Opals are beautiful stones used for jewelry and small sculptures. Many of them are white or clear, but some of them have a gorgeous array of colors.
Chemically, opal is similar to glass, quartz, and those little silica gel packets that are meant to keep the contents of small boxes dry. Opals contain water in various amounts. In fact, it is possible for the stone to dehydrate, which usually will cause it to crack. According to Gbjewelers.com, the gem quality opals would have hardened slowly and contain less than 10% water. An especially interesting thing about opals is that they are not crystals. Instead, they are composed of a matrix of tiny negatively-charged silica spheres.
It is generally understood how crystals developed under various conditions, producing the many kinds of crystalline stones. However, the formation of non- crystalline stones generally – and opal particularly – is not entirely known. According to the New South Wales Department of Primary Industries and the Lightning Ridge Tourist Association website, there are three main models or concepts which are believed to be plausible descriptions of the formation of opals: “deep weathering”, “syntectonic/Pecover”, and “microbe.”
The Deep Weathering model posits that eroded or weathered sandstone is the source of the silica from which opal is made. This silica would have combined with groundwater to produce a silica gel, which was trapped in the rocks and later dehydrated to form the opal.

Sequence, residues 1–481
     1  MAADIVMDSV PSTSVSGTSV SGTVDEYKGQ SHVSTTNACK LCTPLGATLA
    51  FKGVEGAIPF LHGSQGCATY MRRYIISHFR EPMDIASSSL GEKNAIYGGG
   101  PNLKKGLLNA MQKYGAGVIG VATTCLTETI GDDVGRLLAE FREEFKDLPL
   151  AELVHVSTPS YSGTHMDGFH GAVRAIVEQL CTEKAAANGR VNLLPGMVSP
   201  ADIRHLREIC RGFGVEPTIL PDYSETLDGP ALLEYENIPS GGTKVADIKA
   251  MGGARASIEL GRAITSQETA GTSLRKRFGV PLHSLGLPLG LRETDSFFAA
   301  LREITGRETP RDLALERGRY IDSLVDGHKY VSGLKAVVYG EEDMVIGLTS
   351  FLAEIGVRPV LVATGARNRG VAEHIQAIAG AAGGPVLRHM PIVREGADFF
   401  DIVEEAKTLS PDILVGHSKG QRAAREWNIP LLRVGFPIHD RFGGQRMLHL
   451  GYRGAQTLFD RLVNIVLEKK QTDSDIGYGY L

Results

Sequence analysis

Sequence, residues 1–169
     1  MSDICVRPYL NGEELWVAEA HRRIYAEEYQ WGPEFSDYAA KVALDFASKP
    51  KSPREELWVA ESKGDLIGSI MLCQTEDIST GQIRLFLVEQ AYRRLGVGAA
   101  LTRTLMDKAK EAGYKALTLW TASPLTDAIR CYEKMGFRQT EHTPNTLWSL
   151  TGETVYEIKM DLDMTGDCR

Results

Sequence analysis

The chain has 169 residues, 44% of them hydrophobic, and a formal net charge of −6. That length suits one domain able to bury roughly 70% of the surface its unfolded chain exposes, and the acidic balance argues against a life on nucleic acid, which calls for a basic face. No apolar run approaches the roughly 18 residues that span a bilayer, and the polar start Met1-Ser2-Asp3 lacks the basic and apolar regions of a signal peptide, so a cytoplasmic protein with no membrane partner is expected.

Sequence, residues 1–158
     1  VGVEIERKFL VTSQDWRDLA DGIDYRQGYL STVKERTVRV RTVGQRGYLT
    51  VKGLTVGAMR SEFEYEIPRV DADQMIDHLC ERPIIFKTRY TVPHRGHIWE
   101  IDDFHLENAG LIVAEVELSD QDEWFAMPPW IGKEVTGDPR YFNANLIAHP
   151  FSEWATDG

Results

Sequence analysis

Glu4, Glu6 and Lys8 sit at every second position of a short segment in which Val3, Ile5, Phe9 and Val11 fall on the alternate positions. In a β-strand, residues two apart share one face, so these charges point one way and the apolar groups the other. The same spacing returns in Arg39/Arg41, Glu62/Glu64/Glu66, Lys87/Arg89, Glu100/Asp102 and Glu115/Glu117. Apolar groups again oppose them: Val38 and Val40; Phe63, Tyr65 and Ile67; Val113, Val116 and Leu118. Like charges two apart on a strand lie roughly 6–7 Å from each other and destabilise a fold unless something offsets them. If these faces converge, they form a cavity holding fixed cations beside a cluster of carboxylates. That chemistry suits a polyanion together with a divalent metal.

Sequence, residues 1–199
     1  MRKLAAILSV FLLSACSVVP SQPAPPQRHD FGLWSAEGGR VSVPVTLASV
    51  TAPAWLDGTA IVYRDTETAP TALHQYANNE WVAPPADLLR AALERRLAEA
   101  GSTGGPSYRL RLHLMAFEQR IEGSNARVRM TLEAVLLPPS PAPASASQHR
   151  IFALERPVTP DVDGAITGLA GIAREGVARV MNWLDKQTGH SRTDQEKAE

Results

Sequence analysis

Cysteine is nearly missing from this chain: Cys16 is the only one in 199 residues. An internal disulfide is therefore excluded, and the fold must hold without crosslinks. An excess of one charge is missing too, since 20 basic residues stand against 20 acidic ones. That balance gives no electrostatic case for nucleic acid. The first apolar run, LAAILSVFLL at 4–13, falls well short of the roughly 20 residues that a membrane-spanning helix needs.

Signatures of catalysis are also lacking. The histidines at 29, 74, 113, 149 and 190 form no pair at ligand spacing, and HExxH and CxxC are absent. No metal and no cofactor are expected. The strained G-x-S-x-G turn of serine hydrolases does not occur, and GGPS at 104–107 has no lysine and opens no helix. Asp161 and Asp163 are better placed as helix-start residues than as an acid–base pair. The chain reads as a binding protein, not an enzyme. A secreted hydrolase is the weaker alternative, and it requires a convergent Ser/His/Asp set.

The Syntectonic model is similar but, in chicken-vs-egg fashion, posits that the silica was one of the many minerals in mineral-rich subterranean water pushed toward the surface along breaks in the rock bed. The opal seams then formed as the water leached away.
In many opal-rich areas, there are also fossilized bacteria found in the rock. It is speculated that the bacterial may have contributed to a set of conditions conducive to the formation of opal by causing a chemical “weathering” of the surrounding rocks.
Discover News reported in 2008 that a NASA probe discovered some opal deposits on Mars. Because water is a part of opal formation, the presence of opal indicates that there had been water on the planet. This had already been known, because there are two older kinds of mineral deposits which also indicate the presence of water. As the youngest deposits, the opal tells the NASA scientists that water was on Mars for a longer period of time than was previously believed.
There is doubt as to the precise manner in which natural opals formed, but it is highly likely that the formation included the dehydration of a silica gel.